Members of the Keizer Planning Commission discussed options for transforming a limited section of the city’s development code at its meeting Wednesday, March 13, but were uncomfortable with making a recommendation before engaging property owners to discuss the matter with them.

At issue is a section of the development code called Urban Transition (UT) zone. The zone applies to only 118 residences in Keizer. The city’s planning department would like to lower the bar for property owners to develop those properties, but still maintain some oversight of how the spaces get developed.

Currently, owners of property zoned UT must apply for conditional use permits to make substantial changes to their spaces. That process requires extra time and expense for the city

“The one value is that the conditional use process gives the ability to look at infrastructure connections and where people are siting things so it doesn’t preclude redevelopment. Don’t want to take housing opportunity off the books for future growth,” said Shane Witham, the city’s senior planner.

If the UT zone was changed according to the desires of the city staff, owners would submit a plat map showing where any proposed structures would be sited and give the city approval over the siting to ensure it doesn’t preclude future development on the site or on neighboring properties.

“We have to acknowledge the property rights and they have to acknowledge the urban context,” said Nate Brown, Keizer development director.

The UT zone was established for properties that, at one time, were not adequately served by water and sewer lines and were essentially buffer zones as development petered out into rural areas. Since then, most of the land has been developed, but many of the lots are larger than what is found in a traditional residential zone within the city and could be redeveloped to help Keizer absorb some of its expected growth.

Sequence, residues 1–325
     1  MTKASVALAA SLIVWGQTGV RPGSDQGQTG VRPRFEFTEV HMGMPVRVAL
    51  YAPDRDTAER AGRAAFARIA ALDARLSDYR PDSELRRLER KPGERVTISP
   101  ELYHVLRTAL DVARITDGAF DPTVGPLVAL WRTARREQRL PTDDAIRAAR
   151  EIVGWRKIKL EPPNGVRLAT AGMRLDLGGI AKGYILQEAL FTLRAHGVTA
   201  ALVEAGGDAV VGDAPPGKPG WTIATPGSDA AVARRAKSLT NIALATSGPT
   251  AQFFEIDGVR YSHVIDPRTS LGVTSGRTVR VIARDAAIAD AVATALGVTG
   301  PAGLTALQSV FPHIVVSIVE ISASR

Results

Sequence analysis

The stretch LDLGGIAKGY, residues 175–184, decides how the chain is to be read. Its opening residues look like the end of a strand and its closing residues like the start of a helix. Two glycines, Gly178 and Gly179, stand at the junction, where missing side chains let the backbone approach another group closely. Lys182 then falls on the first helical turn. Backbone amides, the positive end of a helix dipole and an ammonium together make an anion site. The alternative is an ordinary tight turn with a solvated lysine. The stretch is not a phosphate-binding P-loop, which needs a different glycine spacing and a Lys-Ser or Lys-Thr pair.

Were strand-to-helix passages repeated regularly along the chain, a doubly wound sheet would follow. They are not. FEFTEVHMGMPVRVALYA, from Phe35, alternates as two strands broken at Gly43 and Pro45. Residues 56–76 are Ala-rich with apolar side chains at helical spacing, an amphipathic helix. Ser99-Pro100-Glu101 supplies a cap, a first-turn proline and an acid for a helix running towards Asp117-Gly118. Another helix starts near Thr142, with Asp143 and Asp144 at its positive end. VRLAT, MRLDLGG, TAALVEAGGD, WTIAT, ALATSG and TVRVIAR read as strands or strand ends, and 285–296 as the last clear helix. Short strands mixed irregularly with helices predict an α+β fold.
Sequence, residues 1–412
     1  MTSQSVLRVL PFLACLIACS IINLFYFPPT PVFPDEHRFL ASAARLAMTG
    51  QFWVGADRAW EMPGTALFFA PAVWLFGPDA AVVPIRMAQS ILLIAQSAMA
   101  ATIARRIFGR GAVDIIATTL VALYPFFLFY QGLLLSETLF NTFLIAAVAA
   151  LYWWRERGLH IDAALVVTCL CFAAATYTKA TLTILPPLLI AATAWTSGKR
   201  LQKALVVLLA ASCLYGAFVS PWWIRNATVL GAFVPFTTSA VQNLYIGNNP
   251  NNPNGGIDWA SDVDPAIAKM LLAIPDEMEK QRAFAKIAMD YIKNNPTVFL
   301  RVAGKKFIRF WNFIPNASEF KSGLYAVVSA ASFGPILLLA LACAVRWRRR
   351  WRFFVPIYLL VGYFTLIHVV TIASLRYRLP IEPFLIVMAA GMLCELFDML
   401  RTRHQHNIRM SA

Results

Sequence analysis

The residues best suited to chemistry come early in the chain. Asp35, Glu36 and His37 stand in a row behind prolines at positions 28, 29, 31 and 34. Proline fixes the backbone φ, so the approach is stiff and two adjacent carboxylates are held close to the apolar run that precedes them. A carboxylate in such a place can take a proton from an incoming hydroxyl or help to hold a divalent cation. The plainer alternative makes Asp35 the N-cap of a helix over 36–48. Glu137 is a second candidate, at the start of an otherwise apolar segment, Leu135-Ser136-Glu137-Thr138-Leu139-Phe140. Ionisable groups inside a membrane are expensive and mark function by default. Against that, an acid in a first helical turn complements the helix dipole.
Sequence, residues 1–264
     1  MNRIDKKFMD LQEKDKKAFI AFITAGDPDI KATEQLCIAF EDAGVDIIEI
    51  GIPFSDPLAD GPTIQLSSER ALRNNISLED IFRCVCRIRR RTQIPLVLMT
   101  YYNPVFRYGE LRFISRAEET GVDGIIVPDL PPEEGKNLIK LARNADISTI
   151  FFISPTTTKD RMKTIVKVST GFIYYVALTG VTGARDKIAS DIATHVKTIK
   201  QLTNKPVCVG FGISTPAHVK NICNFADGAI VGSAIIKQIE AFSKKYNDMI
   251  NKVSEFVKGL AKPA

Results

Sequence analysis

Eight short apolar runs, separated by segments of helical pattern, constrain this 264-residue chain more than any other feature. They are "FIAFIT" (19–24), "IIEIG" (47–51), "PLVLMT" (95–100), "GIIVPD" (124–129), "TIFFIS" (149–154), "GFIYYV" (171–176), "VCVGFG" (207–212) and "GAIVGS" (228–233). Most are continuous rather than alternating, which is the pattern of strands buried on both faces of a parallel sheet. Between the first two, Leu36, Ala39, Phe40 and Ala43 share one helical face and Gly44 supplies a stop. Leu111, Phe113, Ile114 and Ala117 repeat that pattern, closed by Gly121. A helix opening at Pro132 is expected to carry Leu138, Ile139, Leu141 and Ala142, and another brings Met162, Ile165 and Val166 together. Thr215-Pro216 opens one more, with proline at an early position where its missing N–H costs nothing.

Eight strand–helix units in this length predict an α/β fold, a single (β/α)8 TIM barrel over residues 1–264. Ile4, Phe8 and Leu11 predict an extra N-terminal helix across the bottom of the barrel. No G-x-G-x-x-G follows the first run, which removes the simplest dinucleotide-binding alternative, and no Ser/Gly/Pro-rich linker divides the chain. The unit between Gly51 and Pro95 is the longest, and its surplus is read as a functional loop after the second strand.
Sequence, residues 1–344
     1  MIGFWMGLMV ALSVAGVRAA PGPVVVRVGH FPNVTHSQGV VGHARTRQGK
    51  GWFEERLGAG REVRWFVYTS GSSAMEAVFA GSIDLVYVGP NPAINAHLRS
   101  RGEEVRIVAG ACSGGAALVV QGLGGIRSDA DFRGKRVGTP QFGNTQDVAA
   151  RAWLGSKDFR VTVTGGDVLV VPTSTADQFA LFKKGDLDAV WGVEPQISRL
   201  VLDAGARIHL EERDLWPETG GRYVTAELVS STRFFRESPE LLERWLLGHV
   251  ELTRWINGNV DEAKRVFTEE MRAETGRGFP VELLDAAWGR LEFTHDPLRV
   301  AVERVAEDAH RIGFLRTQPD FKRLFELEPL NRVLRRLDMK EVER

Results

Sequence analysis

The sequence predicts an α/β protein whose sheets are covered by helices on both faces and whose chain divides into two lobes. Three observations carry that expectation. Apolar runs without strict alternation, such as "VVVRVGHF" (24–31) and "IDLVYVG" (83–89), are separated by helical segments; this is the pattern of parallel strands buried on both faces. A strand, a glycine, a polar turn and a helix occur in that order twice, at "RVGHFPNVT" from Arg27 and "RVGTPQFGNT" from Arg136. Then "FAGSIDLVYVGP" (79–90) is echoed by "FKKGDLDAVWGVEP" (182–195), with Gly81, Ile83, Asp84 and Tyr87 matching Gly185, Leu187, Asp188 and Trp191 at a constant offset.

The question for the planning commission was where they wanted changes to originate. The planning commission could issue a recommendation to the city council to revise the development code, or the change could be enacted legislatively directly by the city council.

In either case, members of the planning commission wanted to hear from affected residents. The dominant concern was making a change that had unexpected consequences.

“I think we have a lot of unanswered questions and we need to talk with the property owners. I understand the methodology, but I’m concerned about individual rights,” said Garry Whalen, chair of the commission. “We need more information and to invite the property owners to come here and talk with us.”

Brown said he didn’t expect there to be much backlash, but notifying property owners and inviting them to attend the next planning commission could alleviate confusion.

“What we are proposing is not radical, but there will be a lot of, ‘I don’t know what this means,’” Brown said.

A public hearing on the issue was continued until the commission’s next meeting Wednesday, April 10.